An article in the Journal of the American Medical Association (JAMA) suggests patients try chiropractic services for the treatment of low back pain. According to the article, surgery is not usually needed and should only be considered if more conservative therapies fail. The information in JAMA reinforces the American Chiropractic Association’s (ACA) position that conservative care options should serve as a first line of defense against pain.

The article, part of JAMA’s Patient Page public education series, explains that the back is made up of bones, nerves, muscles and other soft tissues such as ligaments and tendons that support posture and give the body flexibility. Back pain can be caused by problems with any of the structures in the back.

As neuromusculoskeletal experts, chiropractic physicians are particularly well suited to manage and help prevent low back pain.

“We are encouraged to see JAMA suggest patients try chiropractic and other more conservative types of treatment for their back pain. In many cases pain can be alleviated without the use of unnecessary drugs or surgery, so it makes sense to exhaust conservative options first,” said ACA President Keith Overland, DC.

“Research confirms that the services provided by chiropractic physicians are not only clinically effective but also cost-effective, so taking a more conservative approach at the onset of low back pain can also potentially save both patients and the health care system money down the line,” he added.

..Taken from the AMA website  http://www.acatoday.org/press_css.cfm?CID=5185

Taken from ACA website:

In a study funded by NIH’s National Center for Complementary and Alternative Medicine to test the effectiveness of different approaches for treating mechanical neck pain, 272 participants were divided into three groups that received either spinal manipulative therapy (SMT) from a doctor of chiropractic (DC), pain medication (over-the-counter pain relievers, narcotics and muscle relaxants) or exercise recommendations. After 12 weeks, about 57 percent of those who met with DCs and 48 percent who exercised reported at least a 75 percent reduction in pain, compared to 33 percent of the people in the medication group. After one year, approximately 53 percent of the drug-free groups continued to report at least a 75 percent reduction in pain; compared to just 38 percent pain reduction among those who took medication.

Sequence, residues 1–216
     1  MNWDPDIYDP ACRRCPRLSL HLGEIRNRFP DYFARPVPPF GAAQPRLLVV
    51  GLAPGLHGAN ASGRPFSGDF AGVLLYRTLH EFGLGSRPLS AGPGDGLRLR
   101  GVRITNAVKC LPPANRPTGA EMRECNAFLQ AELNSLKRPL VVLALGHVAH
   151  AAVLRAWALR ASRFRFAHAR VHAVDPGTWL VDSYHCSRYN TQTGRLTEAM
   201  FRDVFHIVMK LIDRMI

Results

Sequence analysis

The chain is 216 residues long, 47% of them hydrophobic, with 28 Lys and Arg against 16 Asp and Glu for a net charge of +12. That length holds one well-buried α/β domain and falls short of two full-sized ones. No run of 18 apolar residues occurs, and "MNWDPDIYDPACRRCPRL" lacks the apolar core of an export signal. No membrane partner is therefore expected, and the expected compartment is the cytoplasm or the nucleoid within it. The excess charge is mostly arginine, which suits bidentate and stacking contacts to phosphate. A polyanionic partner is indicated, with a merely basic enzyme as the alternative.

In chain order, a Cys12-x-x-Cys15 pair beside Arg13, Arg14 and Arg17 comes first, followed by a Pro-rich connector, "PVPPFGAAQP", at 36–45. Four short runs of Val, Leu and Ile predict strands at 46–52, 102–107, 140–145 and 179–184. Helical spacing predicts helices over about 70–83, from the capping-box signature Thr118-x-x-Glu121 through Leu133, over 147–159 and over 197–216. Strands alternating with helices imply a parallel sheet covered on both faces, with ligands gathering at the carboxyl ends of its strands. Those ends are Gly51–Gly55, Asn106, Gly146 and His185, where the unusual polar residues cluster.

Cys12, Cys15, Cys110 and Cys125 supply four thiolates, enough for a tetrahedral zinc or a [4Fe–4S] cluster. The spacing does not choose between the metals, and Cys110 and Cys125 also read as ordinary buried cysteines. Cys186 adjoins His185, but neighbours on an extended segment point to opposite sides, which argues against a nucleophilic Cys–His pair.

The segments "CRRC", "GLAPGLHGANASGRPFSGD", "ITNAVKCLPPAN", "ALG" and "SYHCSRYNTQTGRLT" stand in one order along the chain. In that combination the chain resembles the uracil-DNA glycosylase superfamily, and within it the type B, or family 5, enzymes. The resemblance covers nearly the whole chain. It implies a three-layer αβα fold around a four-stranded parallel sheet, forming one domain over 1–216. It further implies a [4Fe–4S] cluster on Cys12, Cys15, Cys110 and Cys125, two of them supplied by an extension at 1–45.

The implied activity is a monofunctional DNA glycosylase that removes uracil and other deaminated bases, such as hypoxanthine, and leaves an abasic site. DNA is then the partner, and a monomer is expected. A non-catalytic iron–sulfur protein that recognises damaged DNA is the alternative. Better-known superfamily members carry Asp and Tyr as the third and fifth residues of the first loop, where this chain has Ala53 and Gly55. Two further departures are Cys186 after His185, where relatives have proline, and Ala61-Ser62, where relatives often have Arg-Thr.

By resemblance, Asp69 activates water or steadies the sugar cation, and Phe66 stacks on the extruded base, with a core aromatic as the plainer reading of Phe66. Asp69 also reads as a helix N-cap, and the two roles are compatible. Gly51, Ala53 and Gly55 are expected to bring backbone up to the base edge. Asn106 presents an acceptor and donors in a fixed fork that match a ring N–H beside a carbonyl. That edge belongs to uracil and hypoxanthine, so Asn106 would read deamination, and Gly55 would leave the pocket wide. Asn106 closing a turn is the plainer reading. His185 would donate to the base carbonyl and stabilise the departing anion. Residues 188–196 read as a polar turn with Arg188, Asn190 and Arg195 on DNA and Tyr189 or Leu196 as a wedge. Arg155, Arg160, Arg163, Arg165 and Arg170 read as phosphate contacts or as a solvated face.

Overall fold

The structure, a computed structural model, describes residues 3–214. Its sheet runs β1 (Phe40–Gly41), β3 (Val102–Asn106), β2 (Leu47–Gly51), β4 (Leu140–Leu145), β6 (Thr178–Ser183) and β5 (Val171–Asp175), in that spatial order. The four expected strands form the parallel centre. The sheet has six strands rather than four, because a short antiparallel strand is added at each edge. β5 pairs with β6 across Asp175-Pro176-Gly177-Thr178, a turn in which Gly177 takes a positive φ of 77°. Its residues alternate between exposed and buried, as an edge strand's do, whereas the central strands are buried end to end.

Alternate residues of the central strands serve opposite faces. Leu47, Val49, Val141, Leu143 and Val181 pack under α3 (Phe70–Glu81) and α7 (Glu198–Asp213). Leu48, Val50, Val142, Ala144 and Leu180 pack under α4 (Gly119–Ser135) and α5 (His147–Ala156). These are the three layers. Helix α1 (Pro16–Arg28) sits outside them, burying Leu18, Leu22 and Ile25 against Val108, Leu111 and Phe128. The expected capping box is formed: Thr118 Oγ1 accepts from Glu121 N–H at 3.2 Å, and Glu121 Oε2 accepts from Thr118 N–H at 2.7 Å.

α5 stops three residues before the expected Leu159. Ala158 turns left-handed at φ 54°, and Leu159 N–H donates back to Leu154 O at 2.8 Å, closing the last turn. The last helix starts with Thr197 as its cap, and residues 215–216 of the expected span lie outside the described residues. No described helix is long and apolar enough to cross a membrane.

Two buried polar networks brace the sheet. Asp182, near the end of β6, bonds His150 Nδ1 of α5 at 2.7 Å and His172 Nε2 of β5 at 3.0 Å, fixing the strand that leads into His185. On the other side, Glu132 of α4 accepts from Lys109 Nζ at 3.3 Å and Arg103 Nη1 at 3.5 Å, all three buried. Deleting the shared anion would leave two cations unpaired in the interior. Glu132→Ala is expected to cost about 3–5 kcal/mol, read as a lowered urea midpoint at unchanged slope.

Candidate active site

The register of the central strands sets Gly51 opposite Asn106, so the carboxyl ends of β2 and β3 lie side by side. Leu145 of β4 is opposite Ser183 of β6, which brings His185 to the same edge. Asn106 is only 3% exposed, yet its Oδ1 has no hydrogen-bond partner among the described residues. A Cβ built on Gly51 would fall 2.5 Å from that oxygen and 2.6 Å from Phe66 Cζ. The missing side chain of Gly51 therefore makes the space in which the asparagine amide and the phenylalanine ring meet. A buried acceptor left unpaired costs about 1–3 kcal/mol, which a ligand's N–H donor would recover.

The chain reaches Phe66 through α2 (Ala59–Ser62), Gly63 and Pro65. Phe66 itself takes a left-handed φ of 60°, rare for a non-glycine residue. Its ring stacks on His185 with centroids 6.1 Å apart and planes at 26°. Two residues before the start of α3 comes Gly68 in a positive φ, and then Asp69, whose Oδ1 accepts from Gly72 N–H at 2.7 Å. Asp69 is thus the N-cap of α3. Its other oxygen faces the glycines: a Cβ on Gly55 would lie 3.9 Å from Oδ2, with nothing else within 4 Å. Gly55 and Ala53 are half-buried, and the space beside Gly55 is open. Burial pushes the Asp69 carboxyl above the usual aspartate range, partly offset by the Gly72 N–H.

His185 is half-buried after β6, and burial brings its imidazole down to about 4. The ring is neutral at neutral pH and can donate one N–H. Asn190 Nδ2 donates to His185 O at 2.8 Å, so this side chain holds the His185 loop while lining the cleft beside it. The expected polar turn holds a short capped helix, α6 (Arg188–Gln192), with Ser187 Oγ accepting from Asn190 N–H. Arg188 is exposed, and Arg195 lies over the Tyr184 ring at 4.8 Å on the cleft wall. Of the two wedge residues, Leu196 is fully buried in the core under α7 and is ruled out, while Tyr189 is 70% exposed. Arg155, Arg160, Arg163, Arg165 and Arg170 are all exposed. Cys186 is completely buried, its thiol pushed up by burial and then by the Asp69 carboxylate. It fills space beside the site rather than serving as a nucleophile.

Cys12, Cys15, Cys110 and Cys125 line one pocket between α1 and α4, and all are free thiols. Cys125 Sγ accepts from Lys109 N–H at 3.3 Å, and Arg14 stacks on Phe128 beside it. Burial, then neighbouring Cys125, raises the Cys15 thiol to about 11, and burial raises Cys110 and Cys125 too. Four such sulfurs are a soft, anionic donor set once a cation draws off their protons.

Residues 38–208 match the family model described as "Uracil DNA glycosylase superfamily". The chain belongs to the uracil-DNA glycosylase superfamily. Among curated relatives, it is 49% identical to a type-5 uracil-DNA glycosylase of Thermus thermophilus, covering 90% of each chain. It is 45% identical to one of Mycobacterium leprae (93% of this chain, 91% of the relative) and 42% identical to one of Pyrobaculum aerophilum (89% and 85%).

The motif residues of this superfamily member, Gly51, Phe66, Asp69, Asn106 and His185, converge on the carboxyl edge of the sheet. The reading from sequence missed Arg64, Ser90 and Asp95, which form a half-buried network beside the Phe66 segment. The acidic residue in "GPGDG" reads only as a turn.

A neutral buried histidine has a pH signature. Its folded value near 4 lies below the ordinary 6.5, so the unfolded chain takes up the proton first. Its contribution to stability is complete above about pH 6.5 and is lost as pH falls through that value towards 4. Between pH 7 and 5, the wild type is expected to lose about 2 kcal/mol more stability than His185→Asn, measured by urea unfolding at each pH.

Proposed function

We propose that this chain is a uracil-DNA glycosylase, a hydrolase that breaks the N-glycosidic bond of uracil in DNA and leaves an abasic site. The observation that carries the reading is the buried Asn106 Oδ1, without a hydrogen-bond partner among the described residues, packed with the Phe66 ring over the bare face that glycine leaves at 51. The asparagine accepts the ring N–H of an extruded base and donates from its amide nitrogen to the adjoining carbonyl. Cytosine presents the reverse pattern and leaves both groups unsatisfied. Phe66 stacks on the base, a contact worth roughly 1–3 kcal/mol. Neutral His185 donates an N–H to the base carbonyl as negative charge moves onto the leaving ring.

— Bronfort et al. (2012), Annals of Internal Medicine

Dr. Kuna will soon be certified and registered by the National Registry of Commercial Medical Examiners (NRCME) and the Federal Motor Carrier Safety Administration (FMCSA) to perform medical exams for  interstate truck and bus drivers.

To perform the medical exam for commercial drivers, federal regulations require all health care providers (MD, DO, DC, APN, PA, NP)  to become certified in the National Registry of Certified Medical Examiners.

Also, this requires healthcare professionals who perform medical examinations for interstate truck and bus drivers to be trained, tested and certified on the specific physical qualifications that affect a driver’s ability to safely operate a vehicle. The final rule also creates a national online database of medical examiners (the National Registry of Certified Medical Examiners), where those who have passed the Federal Motor Carrier Safety Administration’s (FMCSA) certification process will be listed.